Several revolts broke out, the most notable being the 1568–1573 revolt against an edict of Phillip II's banning Arabic, Arabic names, and requiring Moriscos to give up their children to be educated by priests. After the suppression of the revolt, Philip ordered the dispersal of the Moriscos of Granada to other areas. Philip expected that this would break down the Morisco community and facilitate their assimilation into the rest of the Christian population. This may have happened to a degree to Granada's Moriscos, but not in Valencia or Aragon, where Islam was still widely practiced.
At around the same time, Spain recognized the loss of more than half of its holdings in the Low Countries to the Protestant Dutch Republic. The ruling class already thought of Spain as the defender of Catholic Christendom, and this defeat helped lead to a radicalization of thinking and a desire to strike a blow to regain Spain's honor. Some critiques of Spain from Protestant countries included insults of the Spanish as corrupted by the Muslims and crypto-Muslims amongst them, which some of the nobility may have taken personally.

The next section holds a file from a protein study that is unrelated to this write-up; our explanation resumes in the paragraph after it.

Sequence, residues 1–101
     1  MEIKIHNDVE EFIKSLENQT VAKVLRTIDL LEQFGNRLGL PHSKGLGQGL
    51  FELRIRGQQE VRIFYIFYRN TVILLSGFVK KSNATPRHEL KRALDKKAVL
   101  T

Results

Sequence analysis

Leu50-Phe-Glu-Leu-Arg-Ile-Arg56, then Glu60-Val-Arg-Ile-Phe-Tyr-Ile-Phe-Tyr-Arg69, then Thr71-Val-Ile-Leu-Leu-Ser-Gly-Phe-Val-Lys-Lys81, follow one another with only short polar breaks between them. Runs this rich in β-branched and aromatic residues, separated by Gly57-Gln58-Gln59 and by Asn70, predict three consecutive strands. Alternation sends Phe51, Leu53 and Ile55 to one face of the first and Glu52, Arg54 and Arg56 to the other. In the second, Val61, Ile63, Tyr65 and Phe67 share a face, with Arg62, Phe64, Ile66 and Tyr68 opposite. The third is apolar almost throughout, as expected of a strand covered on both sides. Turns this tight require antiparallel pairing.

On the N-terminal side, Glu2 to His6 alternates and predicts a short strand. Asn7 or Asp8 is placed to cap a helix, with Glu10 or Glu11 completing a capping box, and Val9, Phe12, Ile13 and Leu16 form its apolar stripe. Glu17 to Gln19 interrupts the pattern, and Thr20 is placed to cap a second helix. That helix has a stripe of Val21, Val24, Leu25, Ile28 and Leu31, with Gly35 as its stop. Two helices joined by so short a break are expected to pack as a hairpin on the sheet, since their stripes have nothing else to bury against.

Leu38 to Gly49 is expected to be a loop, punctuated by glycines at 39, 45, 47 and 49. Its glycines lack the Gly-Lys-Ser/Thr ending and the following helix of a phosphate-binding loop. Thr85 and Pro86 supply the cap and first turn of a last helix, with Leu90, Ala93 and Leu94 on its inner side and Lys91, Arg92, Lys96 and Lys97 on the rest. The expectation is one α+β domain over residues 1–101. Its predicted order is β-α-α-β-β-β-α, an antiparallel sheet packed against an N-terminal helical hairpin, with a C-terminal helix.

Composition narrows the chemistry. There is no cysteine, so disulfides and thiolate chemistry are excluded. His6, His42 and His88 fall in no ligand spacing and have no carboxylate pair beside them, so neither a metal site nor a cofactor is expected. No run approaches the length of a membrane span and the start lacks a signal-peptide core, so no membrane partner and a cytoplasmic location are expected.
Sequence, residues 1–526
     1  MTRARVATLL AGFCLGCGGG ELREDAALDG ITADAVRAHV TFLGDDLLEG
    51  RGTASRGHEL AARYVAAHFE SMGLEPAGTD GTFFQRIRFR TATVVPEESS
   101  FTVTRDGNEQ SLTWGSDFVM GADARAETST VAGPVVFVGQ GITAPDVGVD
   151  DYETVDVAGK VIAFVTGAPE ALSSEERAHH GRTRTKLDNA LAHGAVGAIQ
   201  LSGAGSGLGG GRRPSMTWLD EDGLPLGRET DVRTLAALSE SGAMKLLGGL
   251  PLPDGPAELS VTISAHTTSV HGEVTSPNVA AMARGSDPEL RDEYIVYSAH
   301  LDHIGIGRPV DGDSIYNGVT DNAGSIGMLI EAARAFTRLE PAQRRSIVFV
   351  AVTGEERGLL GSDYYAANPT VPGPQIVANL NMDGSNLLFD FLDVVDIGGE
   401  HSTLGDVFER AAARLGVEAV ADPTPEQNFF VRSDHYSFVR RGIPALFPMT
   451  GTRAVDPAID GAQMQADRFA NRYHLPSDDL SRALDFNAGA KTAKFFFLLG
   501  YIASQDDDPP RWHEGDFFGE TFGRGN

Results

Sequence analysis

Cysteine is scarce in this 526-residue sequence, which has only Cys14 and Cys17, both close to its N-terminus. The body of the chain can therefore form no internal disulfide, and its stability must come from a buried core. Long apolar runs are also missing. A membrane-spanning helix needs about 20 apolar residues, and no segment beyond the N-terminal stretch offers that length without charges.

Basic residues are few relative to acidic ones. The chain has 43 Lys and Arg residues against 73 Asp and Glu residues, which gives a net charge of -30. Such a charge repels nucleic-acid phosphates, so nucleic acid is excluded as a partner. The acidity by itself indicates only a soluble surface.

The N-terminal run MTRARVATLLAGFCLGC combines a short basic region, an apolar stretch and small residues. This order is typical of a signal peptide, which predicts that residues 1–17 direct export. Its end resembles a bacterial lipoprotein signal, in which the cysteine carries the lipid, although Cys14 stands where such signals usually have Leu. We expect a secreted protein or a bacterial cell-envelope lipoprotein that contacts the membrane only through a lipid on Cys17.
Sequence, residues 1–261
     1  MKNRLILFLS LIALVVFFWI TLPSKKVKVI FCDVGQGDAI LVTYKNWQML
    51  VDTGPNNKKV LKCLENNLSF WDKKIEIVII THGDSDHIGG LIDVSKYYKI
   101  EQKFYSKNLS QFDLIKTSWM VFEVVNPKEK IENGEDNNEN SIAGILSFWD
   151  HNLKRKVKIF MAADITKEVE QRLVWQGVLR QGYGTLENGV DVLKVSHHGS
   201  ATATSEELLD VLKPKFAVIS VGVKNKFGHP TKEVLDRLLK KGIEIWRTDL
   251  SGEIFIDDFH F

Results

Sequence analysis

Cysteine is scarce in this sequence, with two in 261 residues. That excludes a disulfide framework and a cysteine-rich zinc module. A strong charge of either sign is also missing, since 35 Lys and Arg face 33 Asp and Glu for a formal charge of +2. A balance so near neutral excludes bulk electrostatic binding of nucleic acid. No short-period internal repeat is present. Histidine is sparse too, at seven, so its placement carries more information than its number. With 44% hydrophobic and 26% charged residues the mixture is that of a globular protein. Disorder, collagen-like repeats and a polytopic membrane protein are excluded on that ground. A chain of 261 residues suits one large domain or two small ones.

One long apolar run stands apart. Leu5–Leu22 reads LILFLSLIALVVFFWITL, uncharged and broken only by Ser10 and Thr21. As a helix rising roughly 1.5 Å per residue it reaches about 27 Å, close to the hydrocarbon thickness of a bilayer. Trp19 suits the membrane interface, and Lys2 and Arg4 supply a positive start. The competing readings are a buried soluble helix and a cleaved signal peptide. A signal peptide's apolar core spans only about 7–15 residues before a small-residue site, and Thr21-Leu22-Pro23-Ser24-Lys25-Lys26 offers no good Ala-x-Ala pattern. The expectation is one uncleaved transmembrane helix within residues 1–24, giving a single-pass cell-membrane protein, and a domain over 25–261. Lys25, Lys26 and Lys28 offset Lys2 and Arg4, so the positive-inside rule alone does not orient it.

The situation further deteriorated in the early 17th century. A recession struck in 1604 as the amount of gold and treasure Spain's American holdings fell. The reduction in the standard of living led to increased tension between the Moriscos and Old Christians for precious jobs.
Attitudes toward the Moriscos by region
The number of Moriscos in Spain at the time of expulsion is unknown and most estimates are based on the numbers of Moriscos who were expelled. Figures of between 300,000 and 400,000 are often cited. However, modern studies estimate around one million moriscos present in Spain at the beginning of the 16th century out of a total population of 8.5 million. A significant proportion resided in the former Crown of Aragon, where it is estimated they constituted 20% of the population, and the Valencia area specifically, where they were 33% of the total population. In addition, the Moorish population growth was somewhat higher than that of the Christian population; in Valencia, the Morisco population had an estimated 69.7% growth rate compared to 44.7% for the Old Christians. The rich and those who lived in the cities were mostly Christians, while the Moriscos occupied the outlying countryside and the poor suburbs of the cities.